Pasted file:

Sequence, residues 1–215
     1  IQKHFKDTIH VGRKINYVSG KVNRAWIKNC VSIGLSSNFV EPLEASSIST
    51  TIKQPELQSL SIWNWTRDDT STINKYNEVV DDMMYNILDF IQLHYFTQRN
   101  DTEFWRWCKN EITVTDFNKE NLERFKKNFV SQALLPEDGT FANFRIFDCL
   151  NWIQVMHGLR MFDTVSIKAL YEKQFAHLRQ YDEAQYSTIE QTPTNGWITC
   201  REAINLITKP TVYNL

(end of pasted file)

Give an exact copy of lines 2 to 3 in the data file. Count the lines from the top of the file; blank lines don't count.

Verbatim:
     1  IQKHFKDTIH VGRKINYVSG KVNRAWIKNC VSIGLSSNFV EPLEASSIST
    51  TIKQPELQSL SIWNWTRDDT STINKYNEVV DDMMYNILDF IQLHYFTQRN